~Cattle farmer I met at Frost Cafe
I returned to the East Coast, shortly after my mother passed away in India. My spouse at the time had been given the opportunity to work for a government contract position in the IT Industry. He, my spouse an artist by true calling was feeling the burden of having to take up a desk job, and wanted me to explore getting a job in my field. I was too leary of heading out to try and acquire a social work position, even though I was in the heart of America's Political Belt: The Metro D.C area. I had come to experience this side of the coast, now as a consumer not a provider. This side of America did not have that same touch of freedom and generosity that Northern California seemed to hold for me. A year into our move there, I moved out of our married home, and moved to the heart of rural America, where I was well aware that this area was known as the Bible Belt. It is not hard to recognize that concept, with various church denominations only a few blocks or feet away from each other and with all the bickering about whether homosexuality is a sin or birther. Where drugs were a popular consumption, but where also the government provided drugs to wean people of the drugs.
I was ready, I thought, to venture because I was going to make it a short stay and head back West. However, that short stay became a long stay, thanks to my spouse who kept encouraging me to keep our daughter on the same coast as where he was. Here is when I began to create my own business venture. My town, specifically the college end of the town held that California air to it, just slightly. My venture was a dream I had back in California and that was to converge my global life afforded to me thanks to my parents from their days of traveling to several continents to live out their professional dream and us children being the beneficiaries of this luxury. I was going to converge my globalism with my professional career of social work. It has been a rough and tough tumble ride but the coast is getting clear. For now the work has morphed into blogging.
Blogging my personal life lessons. Two moral dilemmas I was faced with since marrying into the McKee -Day clan was homosexuality, religion and mental health. Everything was tossed at me all at once from the moment I said, "I do". You need to obey me, I am the man. You need to embrace homosexuality it is my brother's path and my past, and you need to understand God is a forgiving God, and he created some people to have sexual tendencies with the same sex. Those were a lot of conflicting ideologies to be washed in and hung out to dry by the clan when I could neither understand them, nor come to terms with with their belief systems. Nevertheless, I kept trying. I went to drag queens shows, I listened to their love interests, I took on battles from ex male lovers. I attended their churches and their family gatherings. I kept quiet about homosexuality, so that my spouse wouldn't have to feel the shame of his community and clan members. When my mind was crumbling from being a new wife from a different continent and upbringing, and being white washed with all these conflicting ideologies, I sought out professional and religious counseling. Some with my spouse and some on my own. I reached out for all the self help books. Nothing ever brought us any peace or put our marriage on the road to transformation.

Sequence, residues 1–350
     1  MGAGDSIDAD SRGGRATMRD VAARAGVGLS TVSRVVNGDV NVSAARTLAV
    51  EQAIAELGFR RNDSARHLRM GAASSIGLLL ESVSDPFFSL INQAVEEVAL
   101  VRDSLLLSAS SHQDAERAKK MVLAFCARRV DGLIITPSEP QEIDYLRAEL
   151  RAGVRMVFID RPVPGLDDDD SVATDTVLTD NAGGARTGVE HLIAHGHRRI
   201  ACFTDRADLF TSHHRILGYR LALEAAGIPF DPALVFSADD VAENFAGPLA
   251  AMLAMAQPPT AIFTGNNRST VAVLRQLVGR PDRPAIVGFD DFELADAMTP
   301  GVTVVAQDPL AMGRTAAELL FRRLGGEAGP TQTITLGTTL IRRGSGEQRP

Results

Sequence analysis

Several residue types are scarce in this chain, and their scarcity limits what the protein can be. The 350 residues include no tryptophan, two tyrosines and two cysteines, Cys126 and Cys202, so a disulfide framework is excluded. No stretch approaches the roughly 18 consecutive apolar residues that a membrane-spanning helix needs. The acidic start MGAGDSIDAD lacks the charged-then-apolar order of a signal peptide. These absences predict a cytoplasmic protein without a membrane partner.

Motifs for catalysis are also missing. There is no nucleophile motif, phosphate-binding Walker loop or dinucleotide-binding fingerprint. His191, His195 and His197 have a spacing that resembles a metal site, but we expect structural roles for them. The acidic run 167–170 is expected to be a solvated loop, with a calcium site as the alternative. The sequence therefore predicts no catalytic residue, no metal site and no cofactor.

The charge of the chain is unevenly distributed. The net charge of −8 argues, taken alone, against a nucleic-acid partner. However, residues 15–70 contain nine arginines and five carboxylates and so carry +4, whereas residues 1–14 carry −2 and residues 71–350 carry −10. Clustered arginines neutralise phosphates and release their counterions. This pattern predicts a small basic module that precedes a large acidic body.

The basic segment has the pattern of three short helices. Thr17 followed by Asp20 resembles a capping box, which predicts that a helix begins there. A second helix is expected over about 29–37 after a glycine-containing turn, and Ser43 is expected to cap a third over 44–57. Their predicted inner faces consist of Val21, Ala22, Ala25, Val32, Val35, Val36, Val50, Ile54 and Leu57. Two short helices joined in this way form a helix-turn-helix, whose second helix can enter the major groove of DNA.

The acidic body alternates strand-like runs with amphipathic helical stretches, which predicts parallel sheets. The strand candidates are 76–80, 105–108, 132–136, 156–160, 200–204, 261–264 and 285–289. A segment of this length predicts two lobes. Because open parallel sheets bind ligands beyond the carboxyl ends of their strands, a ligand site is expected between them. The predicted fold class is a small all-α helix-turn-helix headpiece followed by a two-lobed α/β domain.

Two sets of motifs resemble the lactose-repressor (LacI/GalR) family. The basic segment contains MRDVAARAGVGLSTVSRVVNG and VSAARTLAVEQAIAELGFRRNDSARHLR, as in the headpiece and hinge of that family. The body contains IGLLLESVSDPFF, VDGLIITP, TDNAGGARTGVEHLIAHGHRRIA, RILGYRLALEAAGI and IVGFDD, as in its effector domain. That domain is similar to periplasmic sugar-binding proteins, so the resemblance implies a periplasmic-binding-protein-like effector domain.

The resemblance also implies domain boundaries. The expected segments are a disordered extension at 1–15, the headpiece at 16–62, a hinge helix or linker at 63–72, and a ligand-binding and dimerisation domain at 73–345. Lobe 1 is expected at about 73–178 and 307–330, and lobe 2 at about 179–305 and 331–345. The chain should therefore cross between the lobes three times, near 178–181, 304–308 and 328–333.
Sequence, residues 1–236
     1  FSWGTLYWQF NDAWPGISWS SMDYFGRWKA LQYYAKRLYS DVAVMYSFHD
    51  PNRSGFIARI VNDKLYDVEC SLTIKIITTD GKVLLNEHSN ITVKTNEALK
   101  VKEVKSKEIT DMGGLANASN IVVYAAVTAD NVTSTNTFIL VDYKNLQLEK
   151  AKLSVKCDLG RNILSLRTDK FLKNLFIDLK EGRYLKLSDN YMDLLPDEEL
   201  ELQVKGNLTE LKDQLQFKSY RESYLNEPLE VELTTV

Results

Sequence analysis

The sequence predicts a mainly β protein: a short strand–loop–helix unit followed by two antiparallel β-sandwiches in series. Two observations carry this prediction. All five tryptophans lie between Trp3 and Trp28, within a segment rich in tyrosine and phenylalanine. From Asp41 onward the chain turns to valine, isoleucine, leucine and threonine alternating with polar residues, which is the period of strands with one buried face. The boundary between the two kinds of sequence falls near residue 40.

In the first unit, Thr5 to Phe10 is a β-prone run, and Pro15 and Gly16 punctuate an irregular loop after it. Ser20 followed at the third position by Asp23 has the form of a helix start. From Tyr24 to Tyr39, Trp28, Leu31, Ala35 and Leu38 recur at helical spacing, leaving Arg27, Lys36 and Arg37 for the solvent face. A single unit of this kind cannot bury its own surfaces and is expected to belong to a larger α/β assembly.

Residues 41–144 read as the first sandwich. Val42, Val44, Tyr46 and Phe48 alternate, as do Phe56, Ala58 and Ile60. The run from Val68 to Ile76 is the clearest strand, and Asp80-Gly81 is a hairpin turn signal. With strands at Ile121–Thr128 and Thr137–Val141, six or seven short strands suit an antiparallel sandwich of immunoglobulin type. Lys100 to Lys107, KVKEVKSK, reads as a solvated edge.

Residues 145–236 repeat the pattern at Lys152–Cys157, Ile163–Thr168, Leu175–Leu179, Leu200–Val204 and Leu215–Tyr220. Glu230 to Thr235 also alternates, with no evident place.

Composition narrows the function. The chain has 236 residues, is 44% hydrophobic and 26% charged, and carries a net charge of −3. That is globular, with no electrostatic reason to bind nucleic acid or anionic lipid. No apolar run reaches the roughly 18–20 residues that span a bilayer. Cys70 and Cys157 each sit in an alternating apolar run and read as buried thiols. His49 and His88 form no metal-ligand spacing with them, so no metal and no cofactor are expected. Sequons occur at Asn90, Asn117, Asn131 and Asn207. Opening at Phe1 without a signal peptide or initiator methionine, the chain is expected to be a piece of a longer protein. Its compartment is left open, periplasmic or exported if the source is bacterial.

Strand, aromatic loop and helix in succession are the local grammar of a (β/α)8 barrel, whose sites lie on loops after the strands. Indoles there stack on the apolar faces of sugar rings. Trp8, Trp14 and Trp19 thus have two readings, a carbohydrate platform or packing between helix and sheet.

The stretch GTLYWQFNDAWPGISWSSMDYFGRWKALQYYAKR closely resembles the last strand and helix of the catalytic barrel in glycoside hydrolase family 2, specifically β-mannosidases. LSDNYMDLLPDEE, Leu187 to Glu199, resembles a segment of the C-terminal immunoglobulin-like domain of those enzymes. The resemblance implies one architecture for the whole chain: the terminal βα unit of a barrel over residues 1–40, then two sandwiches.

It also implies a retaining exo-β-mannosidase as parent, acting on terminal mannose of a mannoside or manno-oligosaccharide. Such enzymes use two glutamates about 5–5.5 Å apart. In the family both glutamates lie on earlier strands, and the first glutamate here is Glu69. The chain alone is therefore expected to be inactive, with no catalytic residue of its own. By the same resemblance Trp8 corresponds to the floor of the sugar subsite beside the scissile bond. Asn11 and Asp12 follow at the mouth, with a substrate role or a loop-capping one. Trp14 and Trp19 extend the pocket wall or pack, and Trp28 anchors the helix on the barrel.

Either of us would either be sent to sign up for religious programs through the churches, or were provided medication or counseled to be at odds with each other. This is how I view America's moral dilemma. Every program, whether through the government, charity, or religious institution is set up for capital gain. These programs have found talking points for people's pain and keep them coming back for their drug of choice. The medical industry has found billable labels for people's emotional pain. These labels are used to bill the pharmaceutical companies as well as the rehab companies. The churches have found programs that invite people in, affordable programs some, but then they get invited to join their membership. Or they are sold a ticket to heaven speech. Or they are sold the mental health is a sin speech. All these programs work in conjunction with one another, thus keeping the working industry alive. Meanwhile, the consumers get stuck with these medical and religious labels not knowing really when they can get of the "crazy ride". Ultimately they are also stuck with a lot of invoices they are left to figure out how to pay. I personally believe the two can get married as long as their is respect for the consumer. Respect in recognizing just because they are a consumer of mental health or religious services doesn't mean they don't have an ability to make healthy choices. Respect from religious organizations to recognize, just because consumers seek out memberships in your programs and places of worship, doesn't mean they don't have an internal gps system that can point them out to God, without being dependant on your leaders or your programs. Human beings need respect and freedom from capital and religious power hungry missions for this to work.